Report on Tuesday, April 10 Sleepy Eye City Council meeting.

The Sleepy Eye City Council’s April 10 meeting was efficiently dispatched—all business completed in an hour.

Mayor Wayne Pelzel’s first order of business of was to proclaim May 3 as Arbor Day in Sleepy Eye. The community’s fourth grade students will gather at South Park to hold an Arbor Day program and plant some trees at 1:30 p.m. that day—an annual tradition.

The council approved a resolution for property tax abatement of up to $218,379 for real estate value and utility hook-ups in the Snow Farm parcel south of Kibble Equipment (for the Frontier Labs project—see article below). City Manager Mark Kober explained it is the city’s incentive for the project, which Councilor Doug Pelzel said is the same arrangement offered to the other businesses that have located in the development. Kober and City Attorney Alissa Fischer said the purchase agreement is being finalized with Frontier Labs.

The council approved a resolution: “that this Council supports local decision-making authority and opposes legislation that removes the ability for local elected officials to respond to the needs of their businesses and constituents.” The resolution has been approved by many Minnesota cities, in part in response to more than two dozen bills that restrict local decision-making that have been introduced in the Minnesota Legislature in 2017 and 2018.

Kober told the council that the application to the USDA, for funds to assist with renovation of city hall, was turned down due to the city having too much money— just as he told them he suspected last month. The council will meet with architect Eric Oleson at noon on April 13 to review proposed plans for the renovation of the former liquor store space for a new police station. Kober said it was possible construction could begin in June if the council moves ahead with the project.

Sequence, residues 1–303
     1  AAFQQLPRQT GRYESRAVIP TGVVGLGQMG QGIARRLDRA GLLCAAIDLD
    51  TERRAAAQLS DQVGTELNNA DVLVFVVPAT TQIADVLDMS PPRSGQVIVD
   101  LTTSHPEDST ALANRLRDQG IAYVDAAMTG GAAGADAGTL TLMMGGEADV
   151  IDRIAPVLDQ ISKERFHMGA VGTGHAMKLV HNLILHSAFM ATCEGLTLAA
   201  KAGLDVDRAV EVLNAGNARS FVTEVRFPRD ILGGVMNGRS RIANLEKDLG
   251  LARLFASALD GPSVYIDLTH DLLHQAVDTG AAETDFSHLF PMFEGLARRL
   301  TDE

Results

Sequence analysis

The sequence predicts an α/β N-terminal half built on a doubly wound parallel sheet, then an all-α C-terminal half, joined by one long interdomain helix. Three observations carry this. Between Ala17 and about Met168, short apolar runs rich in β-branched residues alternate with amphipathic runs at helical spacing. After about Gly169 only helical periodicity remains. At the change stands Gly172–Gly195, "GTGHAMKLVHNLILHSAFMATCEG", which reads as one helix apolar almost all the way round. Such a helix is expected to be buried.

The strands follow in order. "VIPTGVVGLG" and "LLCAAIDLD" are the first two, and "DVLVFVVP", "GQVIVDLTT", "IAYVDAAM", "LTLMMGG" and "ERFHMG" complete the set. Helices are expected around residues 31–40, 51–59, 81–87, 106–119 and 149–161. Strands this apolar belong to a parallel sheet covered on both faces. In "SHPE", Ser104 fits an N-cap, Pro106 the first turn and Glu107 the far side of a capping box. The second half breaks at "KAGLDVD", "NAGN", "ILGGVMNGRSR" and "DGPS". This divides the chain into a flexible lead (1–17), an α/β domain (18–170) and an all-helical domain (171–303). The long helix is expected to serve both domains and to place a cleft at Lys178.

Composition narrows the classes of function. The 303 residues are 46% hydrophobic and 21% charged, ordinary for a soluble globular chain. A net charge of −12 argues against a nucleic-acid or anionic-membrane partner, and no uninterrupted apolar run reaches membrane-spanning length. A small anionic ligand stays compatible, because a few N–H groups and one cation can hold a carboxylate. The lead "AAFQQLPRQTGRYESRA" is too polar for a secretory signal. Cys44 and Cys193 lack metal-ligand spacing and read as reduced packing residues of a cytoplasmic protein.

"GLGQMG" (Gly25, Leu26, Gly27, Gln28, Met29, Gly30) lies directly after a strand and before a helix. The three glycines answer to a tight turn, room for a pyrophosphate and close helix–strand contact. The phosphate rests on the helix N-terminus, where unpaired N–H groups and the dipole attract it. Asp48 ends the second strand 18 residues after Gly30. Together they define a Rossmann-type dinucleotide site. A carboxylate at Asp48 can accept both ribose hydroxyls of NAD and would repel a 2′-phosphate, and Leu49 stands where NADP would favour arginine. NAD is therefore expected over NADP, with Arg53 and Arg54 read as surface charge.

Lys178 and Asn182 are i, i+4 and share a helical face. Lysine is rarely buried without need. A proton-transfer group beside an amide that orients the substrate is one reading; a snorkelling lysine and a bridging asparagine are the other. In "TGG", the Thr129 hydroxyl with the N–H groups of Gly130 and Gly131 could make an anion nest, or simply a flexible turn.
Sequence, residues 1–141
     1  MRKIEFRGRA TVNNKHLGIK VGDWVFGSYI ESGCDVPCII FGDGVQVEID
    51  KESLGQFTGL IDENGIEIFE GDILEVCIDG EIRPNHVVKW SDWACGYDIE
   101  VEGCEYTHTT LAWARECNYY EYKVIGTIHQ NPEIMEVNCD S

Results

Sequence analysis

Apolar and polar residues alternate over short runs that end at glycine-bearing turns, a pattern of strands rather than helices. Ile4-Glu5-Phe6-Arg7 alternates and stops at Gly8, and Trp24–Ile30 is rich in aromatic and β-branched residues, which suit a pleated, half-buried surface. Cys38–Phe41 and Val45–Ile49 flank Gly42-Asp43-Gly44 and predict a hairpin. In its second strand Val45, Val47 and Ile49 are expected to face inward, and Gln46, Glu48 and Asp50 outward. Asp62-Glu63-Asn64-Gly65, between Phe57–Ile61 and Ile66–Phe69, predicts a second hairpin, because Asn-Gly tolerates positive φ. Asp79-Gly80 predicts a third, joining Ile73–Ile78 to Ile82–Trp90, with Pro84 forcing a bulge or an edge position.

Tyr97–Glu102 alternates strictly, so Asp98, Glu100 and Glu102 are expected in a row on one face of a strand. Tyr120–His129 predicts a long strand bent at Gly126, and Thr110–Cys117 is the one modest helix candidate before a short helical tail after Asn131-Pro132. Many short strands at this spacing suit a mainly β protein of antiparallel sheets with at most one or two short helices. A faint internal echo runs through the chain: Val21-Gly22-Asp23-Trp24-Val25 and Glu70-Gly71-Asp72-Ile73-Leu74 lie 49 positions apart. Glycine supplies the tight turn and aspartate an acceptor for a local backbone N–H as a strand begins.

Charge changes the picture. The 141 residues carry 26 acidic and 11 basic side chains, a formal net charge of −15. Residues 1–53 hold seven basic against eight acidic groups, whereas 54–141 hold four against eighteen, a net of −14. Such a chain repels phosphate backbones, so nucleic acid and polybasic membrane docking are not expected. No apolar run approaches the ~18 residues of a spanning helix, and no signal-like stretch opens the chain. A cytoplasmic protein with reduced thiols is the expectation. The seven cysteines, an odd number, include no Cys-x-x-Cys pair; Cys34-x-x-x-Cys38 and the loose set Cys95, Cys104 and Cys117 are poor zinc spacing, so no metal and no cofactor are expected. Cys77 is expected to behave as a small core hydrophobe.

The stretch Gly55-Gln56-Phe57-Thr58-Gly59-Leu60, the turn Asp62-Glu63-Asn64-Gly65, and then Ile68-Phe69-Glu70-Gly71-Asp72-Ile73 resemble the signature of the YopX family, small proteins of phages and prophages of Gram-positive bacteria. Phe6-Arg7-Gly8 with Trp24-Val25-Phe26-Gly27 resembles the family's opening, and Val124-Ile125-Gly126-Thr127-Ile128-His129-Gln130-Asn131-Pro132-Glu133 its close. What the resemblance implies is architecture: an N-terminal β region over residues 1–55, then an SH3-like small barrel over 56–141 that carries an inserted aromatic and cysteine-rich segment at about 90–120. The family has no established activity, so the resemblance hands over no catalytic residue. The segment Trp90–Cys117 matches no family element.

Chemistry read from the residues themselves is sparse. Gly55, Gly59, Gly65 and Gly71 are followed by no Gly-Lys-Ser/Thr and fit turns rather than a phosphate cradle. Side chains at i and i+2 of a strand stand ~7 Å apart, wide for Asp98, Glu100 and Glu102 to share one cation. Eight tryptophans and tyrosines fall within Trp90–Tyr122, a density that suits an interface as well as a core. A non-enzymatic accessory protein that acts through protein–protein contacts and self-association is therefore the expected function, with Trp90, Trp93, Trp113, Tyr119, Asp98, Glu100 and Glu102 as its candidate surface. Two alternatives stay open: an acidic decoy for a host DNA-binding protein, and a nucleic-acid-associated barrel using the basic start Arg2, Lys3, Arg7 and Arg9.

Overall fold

Engineer Dave Palm told the council that Mathiowetz Construction was the low bidder for this summer’s Highway 14 project in Sleepy Eye, at $3.3 million. Palm said MnDOT’s estimate had been $2.7 million, so the increased cost would mean perhaps a $30,000 increase for the city’s share. The project is scheduled to begin on May 21 and be complete by Aug. 14. Palm said the project will start at the 12th Avenue intersection, which will involve a detour for about a week; the remainder of the project will be completed under traffic with no detours.

Palm said he is almost done with the application to the Minnesota Department of Employment and Economic Development (DEED) for funding of the 12th Avenue to St. Mary’s Street proposal.

Police Chief Matt Andres and City Attorney Fischer asked the council for their input on a parking issue that has come up. They have received a request from New Ulm Telecom to press charges on persons parking in their lot during snow emergencies. Fischer said the city code does call for a misdemeanor charge for parking on private property, but that the issue had not come up before. Kober said he wasn’t sure that New Ulm Telecom actually was leasing the lot in question, which is owned by the city. The council directed Kober to research the lease issue. Fischer and Andres suggested telling private lot owners to install signage if they want to prohibit parking.

Andres also asked for council permission to purchase new firearms for the police department—he’d previously presented a quote to the council. The council approved the purchase of firearms recommended by the police chief—eight handguns with reflex sights at a total cost estimated at $7,227 (the amount of the quote, which had expired but Andres thought was still the correct cost.)